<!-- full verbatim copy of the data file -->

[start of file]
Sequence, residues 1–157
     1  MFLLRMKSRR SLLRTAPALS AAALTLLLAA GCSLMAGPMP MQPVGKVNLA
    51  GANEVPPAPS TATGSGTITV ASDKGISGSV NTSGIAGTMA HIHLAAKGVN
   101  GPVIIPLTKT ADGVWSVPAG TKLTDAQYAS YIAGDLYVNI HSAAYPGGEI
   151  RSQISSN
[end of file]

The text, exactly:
Sequence, residues 1–157
     1  MFLLRMKSRR SLLRTAPALS AAALTLLLAA GCSLMAGPMP MQPVGKVNLA
    51  GANEVPPAPS TATGSGTITV ASDKGISGSV NTSGIAGTMA HIHLAAKGVN
   101  GPVIIPLTKT ADGVWSVPAG TKLTDAQYAS YIAGDLYVNI HSAAYPGGEI
   151  RSQISSN